Harry Fonseca, Two Coyotes with Flags
- Fonseca’s large painting of two coyotes draped in the American flag addresses issues of Indigenous identity and stereotypes in American popular culture. The coyotes wear war bonnets and hold tomahawks, reinforcing common assumptions of homogeneity across Native communities. The draped flag serves to conflate and confuse the distinctions between Native and “national” American identity. And, in these and other details–such as the coyote’s shoes–Fonseca also references his own layered identity as Native, a U.S. Navy veteran, and a queer man.
- The Pop Art style of the painting bolsters Fonseca’s allusion to the assumptions and overly-simplified perceptions about Native Americans within the nation’s popular imagination. The bold, artificial colors and cartoonish representation of the figures appear performative–merely for show–rather than authentic. Furthermore, the coyotes are to be understood as representing the trickster figure, a clever, shape-shifting character in various Native traditions whose antics are meant to fool, or misrepresent a deeper truth or identity. Fonseca portrays the trickster–often autobiographically–in many of his paintings.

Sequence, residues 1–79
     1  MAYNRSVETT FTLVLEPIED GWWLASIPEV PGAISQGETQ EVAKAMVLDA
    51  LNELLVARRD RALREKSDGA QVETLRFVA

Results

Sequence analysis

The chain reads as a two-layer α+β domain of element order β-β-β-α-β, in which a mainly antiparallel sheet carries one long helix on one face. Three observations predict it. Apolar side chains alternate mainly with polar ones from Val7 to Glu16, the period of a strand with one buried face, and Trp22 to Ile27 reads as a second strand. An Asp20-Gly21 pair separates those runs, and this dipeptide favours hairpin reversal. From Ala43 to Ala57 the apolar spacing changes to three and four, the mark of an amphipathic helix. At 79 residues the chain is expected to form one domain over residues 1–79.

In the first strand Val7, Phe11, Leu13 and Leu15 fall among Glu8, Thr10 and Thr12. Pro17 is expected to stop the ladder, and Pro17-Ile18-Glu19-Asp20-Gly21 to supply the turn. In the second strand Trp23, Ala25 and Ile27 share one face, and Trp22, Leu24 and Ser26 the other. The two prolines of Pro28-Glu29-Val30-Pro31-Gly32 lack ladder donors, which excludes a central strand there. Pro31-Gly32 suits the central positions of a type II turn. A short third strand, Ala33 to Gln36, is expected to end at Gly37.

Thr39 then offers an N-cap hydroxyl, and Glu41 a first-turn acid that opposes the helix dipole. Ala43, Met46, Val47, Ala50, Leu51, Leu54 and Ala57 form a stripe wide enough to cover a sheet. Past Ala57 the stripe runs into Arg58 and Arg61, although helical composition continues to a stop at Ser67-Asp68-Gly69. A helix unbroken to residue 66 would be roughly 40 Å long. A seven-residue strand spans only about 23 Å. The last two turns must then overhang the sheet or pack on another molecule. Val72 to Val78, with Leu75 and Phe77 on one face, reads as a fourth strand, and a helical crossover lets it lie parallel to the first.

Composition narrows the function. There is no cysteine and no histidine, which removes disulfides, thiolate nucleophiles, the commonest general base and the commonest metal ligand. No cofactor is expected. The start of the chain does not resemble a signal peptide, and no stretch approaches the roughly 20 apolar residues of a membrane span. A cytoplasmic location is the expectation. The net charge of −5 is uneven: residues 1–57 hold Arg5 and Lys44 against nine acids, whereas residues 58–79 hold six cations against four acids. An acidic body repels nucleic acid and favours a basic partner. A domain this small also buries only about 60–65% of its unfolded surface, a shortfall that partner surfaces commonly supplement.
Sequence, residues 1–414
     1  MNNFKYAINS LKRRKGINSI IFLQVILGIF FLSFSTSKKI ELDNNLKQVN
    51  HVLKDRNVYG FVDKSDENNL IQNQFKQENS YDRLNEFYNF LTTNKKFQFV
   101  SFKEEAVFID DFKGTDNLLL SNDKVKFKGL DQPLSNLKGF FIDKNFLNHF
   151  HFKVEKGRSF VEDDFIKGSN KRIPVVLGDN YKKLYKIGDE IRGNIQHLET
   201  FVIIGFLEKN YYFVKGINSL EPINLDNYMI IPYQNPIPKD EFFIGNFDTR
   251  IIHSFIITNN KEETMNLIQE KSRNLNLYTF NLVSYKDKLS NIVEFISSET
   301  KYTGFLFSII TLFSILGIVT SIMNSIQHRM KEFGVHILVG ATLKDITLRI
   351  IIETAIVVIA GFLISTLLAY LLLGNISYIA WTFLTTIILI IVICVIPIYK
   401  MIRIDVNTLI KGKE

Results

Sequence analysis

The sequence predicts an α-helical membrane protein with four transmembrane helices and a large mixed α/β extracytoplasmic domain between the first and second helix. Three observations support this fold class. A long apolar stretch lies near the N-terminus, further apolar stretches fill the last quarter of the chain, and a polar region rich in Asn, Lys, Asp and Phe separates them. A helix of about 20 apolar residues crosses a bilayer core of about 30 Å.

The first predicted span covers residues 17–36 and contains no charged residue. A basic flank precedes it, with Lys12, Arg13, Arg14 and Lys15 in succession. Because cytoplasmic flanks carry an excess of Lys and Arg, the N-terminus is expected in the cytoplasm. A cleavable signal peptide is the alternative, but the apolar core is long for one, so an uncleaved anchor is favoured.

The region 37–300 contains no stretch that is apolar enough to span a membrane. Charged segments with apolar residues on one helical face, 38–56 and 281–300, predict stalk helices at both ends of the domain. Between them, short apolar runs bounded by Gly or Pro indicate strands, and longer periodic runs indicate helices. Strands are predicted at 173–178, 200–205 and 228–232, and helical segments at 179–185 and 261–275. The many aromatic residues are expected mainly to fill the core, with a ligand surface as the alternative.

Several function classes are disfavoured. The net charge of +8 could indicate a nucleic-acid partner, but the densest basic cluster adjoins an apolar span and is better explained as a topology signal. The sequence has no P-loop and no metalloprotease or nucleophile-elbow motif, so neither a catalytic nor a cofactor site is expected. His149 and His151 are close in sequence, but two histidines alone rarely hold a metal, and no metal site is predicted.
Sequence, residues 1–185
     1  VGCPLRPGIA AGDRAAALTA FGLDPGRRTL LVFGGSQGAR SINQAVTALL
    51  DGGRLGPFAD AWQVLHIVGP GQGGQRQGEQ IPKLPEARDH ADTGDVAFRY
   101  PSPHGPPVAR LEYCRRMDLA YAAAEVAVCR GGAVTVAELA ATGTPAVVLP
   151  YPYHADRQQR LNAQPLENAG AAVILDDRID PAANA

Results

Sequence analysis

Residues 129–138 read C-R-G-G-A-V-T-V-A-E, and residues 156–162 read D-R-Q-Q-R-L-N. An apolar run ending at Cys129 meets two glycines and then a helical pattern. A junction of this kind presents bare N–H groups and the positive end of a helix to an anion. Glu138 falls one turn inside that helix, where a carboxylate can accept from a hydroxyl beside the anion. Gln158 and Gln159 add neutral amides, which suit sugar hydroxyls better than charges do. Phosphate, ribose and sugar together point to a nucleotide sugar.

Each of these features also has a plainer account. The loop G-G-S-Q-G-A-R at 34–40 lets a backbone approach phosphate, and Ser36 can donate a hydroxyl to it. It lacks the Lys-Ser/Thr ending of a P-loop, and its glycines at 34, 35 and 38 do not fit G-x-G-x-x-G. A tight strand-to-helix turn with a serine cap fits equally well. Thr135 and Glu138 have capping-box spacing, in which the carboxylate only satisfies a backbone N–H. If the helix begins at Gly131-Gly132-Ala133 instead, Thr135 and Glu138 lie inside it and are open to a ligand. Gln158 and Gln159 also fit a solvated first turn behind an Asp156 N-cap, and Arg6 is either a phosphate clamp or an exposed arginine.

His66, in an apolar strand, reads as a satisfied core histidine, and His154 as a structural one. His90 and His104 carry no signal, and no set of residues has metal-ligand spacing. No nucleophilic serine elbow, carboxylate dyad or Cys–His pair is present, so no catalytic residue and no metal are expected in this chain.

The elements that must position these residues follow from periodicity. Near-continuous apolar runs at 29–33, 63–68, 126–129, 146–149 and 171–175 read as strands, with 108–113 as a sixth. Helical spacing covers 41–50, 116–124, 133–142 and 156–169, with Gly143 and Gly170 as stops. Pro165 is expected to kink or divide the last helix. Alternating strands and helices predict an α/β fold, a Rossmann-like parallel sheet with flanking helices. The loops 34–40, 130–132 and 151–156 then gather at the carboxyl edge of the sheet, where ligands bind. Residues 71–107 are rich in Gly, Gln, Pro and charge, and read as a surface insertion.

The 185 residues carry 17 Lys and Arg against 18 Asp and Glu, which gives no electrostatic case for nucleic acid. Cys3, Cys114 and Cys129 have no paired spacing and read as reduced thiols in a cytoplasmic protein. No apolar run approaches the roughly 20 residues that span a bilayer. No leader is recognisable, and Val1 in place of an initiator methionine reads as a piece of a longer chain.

- Fonseca plays on a history of this kind of homogenized and staged representation of Native Americans, most notably reflected in the 19th century photographs of Edward Curtis, in order to remind viewers that these stereotypes have persisted and are pernicious for both non-Native and Native culture.
Learn about another Fonseca painting, Creation Story, held in the collection of the National Museum of the American Indian
Read more about Fonseca’s use of the coyote in “How the Character of Coyote Helped Artist Harry Fonseca Come Out”, by Amy Scott, Executive Vice President and Marilyn B. and Calvin B. Gross Curator of Visual Arts at the Autry Museum of the American West
Review the United States Flag Code, from the American Legion
More to think about
How do you see Fonseca’s pop art style reinforcing your personal understanding of stereotyping and misrepresentation?
What other stereotypes of Native American identity are you aware of or can you identify? How can you actively challenge these stereotypes?
If you are non-Native, are there homogenizing stereotypes of the culture with which you identify? How do these stereotypes appear and how can you challenge them or invite others to do so?